instream construction and water discharge permits. The benefit of an 
amended 4(d) rule to these Jurisdictions is that it provides an 
expedient process for obtaining generic approval in advance of ongoing 
and proposed actions requiring compliance with the take prohibitions of 
the Act. The amended 4(d) rule would provide take coverage and cost 
savings to thousands of small land owners, and others, who are 
conducting activities that may take bull trout. Once established, it is 
anticipated that Jurisdictions could obtain generic Service approval 
for State and local regulated activities faster than through the 
section 10(a)(1)(B) process for habitat conservation plans (HCPs). 
Section 10(a)(1)(B) requires applicants to prepare a HCP, and some 
applicants must also prepare either an environmental assessment or 
environmental impact statement to comply with the National 
Environmental Policy Act (NEPA). This can be costly and time consuming, 
thus an amended 4(d) rule could be a preferred alternative for many 
individuals whose activities may incidentally take bull trout. 
Additionally, a Jurisdiction may already be undertaking efforts to 
protect salmon and bull trout habitat (see examples below), that may 
qualify as a CEP without additional efforts on its part. This would 
prove to be a more expedient and cost-effective means of obtaining 
compliance with the Act than

[[Page 58935]]

the 10(a)(1)(B) permitting process. All benefits to the bull trout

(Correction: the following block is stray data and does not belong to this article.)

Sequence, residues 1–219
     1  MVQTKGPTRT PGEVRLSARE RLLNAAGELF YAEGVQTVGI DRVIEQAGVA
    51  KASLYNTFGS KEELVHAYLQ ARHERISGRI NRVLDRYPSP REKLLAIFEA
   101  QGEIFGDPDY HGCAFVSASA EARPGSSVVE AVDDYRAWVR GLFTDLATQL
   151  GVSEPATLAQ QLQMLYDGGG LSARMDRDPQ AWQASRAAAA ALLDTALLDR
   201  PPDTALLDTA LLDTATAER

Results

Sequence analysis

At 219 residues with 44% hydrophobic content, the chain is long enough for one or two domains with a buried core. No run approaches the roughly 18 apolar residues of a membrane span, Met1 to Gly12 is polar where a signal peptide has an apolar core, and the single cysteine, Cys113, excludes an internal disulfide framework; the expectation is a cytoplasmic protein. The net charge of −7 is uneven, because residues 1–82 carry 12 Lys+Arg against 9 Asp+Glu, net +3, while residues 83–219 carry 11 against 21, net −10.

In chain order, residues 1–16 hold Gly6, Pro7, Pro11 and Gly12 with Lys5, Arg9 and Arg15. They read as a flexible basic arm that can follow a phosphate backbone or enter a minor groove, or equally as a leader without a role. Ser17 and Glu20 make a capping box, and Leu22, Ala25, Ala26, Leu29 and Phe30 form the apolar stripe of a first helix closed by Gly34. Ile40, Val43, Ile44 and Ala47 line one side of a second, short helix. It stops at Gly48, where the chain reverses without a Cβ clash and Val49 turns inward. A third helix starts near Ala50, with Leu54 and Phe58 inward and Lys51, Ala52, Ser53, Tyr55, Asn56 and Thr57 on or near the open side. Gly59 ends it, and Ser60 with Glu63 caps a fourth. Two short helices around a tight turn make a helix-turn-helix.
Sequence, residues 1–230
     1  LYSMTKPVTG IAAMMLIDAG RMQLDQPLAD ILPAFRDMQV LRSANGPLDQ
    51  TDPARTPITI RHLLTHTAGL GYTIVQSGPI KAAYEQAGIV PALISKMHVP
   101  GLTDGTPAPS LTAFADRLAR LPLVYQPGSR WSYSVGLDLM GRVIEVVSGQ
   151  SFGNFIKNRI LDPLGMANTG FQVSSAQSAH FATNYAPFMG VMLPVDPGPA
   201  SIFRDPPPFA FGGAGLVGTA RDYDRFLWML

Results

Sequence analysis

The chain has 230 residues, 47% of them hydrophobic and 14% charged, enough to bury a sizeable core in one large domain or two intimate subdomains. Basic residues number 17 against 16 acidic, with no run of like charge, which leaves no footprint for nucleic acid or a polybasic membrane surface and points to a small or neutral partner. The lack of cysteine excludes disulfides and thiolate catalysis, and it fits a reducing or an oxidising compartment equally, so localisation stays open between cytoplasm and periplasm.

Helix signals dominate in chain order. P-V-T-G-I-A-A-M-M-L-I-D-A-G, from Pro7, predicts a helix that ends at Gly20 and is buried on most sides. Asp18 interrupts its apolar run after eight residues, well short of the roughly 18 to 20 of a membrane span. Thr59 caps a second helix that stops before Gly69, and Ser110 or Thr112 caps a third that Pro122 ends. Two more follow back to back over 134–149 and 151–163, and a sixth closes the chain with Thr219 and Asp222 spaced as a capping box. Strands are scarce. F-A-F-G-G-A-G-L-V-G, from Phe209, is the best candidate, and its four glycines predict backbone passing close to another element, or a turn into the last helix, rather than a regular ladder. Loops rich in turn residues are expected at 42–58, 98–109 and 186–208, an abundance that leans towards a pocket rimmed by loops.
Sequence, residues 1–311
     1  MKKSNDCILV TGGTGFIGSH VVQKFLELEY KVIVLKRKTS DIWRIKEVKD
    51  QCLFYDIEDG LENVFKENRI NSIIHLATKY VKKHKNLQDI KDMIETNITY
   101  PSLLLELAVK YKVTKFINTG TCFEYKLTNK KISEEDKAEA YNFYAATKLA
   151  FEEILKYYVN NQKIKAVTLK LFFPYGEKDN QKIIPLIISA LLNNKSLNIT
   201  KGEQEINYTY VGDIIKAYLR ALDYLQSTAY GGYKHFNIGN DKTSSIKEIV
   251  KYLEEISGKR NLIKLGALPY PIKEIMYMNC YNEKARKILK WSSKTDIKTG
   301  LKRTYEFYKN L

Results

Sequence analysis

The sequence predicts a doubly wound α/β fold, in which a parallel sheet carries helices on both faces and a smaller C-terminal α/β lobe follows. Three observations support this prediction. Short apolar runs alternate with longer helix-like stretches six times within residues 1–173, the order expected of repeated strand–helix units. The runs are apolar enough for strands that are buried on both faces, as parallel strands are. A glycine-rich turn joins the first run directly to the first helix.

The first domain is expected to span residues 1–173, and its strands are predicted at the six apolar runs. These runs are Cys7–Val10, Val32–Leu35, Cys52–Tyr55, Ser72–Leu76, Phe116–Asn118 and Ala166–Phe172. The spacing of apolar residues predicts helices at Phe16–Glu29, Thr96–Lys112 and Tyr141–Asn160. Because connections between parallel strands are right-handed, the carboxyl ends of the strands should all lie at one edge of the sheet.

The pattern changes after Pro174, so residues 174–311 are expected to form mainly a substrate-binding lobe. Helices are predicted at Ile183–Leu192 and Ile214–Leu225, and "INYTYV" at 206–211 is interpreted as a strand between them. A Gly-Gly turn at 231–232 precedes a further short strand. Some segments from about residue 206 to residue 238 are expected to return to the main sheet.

derived from conservation contributions as a result of an amended 4(d) 
rule would expedite its recovery and advance the time at which the 
protective measures of the Act are no longer required.
    Jurisdictions would develop CEPs to be approved by us for coverage 
under the special rule. Regulations or other protective measures may be 
incorporated in whole or in part in a CEP. In general, the CEPs would 
address baseline conditions and current and projected impacts to bull 
trout within the vicinity of activities to be covered under the special 
rule. The Jurisdictions would identify future actions and protective 
measures to be undertaken to protect or enhance bull trout populations. 
We would require the Jurisdictions to ensure that their CEPs have a 
high level of certainty of implementation, and that they include a 
comprehensive monitoring program and an adaptive management component 
with the flexibility to respond to new scientific knowledge. We would 
authorize activities under the CEP as long as the provisions of the 
special rule are met and the protective measures undertaken contribute 
to the long-term survival and recovery of the bull trout in the wild.
    Currently, the Jurisdictions have three options for compliance with 
the Act--the avoidance of all take, incidental take authorization under 
section 7, or incidental take authorization through an HCP under 
section 10(a)(1)(B) of the Act. We envision that an amended special